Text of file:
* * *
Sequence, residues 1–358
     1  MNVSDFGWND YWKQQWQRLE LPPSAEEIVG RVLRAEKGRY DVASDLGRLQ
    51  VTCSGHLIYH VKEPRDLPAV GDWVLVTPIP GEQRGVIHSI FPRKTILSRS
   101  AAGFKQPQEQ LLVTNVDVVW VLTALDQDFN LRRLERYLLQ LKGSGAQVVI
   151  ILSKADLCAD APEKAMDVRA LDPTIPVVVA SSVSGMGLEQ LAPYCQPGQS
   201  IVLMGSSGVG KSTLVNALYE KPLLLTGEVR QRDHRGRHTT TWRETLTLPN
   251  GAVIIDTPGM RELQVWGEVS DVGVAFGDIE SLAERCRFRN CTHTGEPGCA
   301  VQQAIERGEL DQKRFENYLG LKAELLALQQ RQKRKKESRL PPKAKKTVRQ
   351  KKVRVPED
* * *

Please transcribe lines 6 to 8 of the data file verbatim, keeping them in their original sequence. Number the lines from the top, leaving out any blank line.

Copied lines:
   201  IVLMGSSGVG KSTLVNALYE KPLLLTGEVR QRDHRGRHTT TWRETLTLPN
   251  GAVIIDTPGM RELQVWGEVS DVGVAFGDIE SLAERCRFRN CTHTGEPGCA
   301  VQQAIERGEL DQKRFENYLG LKAELLALQQ RQKRKKESRL PPKAKKTVRQ